Midst celebrations welcoming the New Year, commentators were also announcing the death of the ubiquitous light bulb – the incandescent variety – that the Congress, in a fit of environmental overreach, banned in stages with legislation passed in 2007. For instance, Shawn Regan, writing at Reason magazine, called it “Lights Out for America’s Favorite Light Bulb” while CNN wrote an obituary for it, adding that it was “the dawn of a new day,” without Edison’s invention.

Some even went so far as to claim the “ban” as a classroom example of crony capitalism, with light bulb manufacturers, distressed over the tiny profit margins in their 60, 75 and 100-watt bulbs, cozying up to environmentalists to pressure Congress into giving them special treatment. Said Regan, “The ban is crony in its most seductive form – when it’s disguised as green.”

The New York Times noted that the huge Dutch conglomerate, Royal Phillips Electronics and maker of high-efficiency (and high-profit) light-emitting-diode (LED) lights, had formed a coalition with a number of environmental groups including the Natural Resources Defense Council (NRDC) to press Congress on raising energy efficiency requirements on light bulbs to the point where incandescents would essentially be outlawed. The head of Phillips’ “strategic sustainability initiatives”, Harry Verhaar, said at the time:

We felt that we needed to make a call and show that the best-known lighting technology, the incandescent light bulb, is at the end of its lifetime.

Edisons’ invention has become a virtual commodity, with miniscule profit margins, and efforts to educate citizens about the wonders of the new LED and CFL (compact fluorescent lights – the ones with the curly tops) had essentially failed to wean them off the cheaper ones. According to the New York Times Magazine in 2011, “Phillips told its environmental allies that it was well-positioned to capitalize on the transition to new technologies and wanted to get ahead of an efficiency movement that was gaining momentum abroad and in states like California.” All that was needed was a little legislative assistance to push things along.  Nothing drastic, just enough federal that would require all light bulbs to become between 25 and 30 percent more efficient by 2013. That would neatly remove the incandescent bulbs from the market, leaving consumers with fewer but more expensive options to be supplied, naturally, by the big three makers: Phillips, GE and Sylvania.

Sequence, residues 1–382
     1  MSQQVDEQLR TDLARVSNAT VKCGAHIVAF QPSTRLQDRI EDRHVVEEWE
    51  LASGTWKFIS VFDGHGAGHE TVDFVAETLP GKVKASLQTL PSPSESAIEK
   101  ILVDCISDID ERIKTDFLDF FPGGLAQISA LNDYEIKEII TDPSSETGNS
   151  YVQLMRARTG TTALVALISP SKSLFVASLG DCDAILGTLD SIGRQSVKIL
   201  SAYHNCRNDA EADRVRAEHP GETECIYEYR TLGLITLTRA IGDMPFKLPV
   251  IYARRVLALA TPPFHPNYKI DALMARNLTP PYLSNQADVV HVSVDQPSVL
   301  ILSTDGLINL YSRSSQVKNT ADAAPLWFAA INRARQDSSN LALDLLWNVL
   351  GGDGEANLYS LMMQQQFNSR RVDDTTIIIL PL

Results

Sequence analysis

They had tried to persuade consumers the regular way, through marketing, advertising, and education. But those consumers just couldn’t, or wouldn’t, do the math. They didn’t care that most of the electricity used to fire up a light bulb is dissipated as heat loss. They didn’t care that they only lasted between 750 and 2,000 hours before they burned out. The Verge did the math: a 60-watt bulb costing around $2 will burn $7.23 of electricity in a year, and will last a little over a year, based on three hours a day of usage. A LED bulb, while costing $13, burns just $1.57 of electricity in a year, and it lasts more than five years. Think of the savings!

But consumers were deaf. Of the four billion sockets estimated in the US, three-fourths of them are still filled with incandescent bulbs.

Part of the problem is the loopholes in the 2007 law. Sold as “an act to move the United States toward greater energy independence and security … [and] to increase the efficiency of products [like light bulbs]…” and promoted by House Speaker Nancy Pelosi as a way of lowering energy costs to consumers, it was riddled with loopholes. The law didn’t apply to appliance light bulbs, “rough service” bulbs, colored Christmas tree lights, plant lights, 3-way lights, stage lighting, candelabra lights, outdoor post lights, and nightlights as well as any bulbs of less than 40 watts or more than 100.

That leaves an awful lot of room for the to develop low-cost, high-efficiency options to the LEDs and CFLs offered by Phillips, GE and Sylvania. For instance, Advanced Lighting Technologies has introduced a light bulb that Edison would recognize and envy, called the 2X Bulb, which greatly exceeds the 2007 law’s efficiency requirements while costing only slightly more than the ones currently disappearing from grocery stores’ shelves.

In an ironic twist, the prices of LED bulbs are falling so fast that even CFLs are in jeopardy and may disappear from the market in the next few years. Spokesmen for GE and for Cree LED both admitted privately that CFLs are losing market share, not gaining as expected, and manufacturers might just stop making them altogether.

At present there are plenty of the old-fashioned, low-cost bulbs around in any wattage a consumer could want. They are available on Ebay for under a dollar, and at 1000Bulbs.com where common wattages are available at $.80 apiece, or even less in quantity.

Despite efforts of cronies like GE, Phillips and Sylvania to override consumer preferences through joint ventures with green groups bringing pressure on Congress, the is always at least one step ahead of the state. While useful as a classroom example of crony capitalism, these efforts of conglomerates are overshadowed once again by entrepreneurs operating in the private market economy bringing better answers at lower prices to consumers who know what they want.



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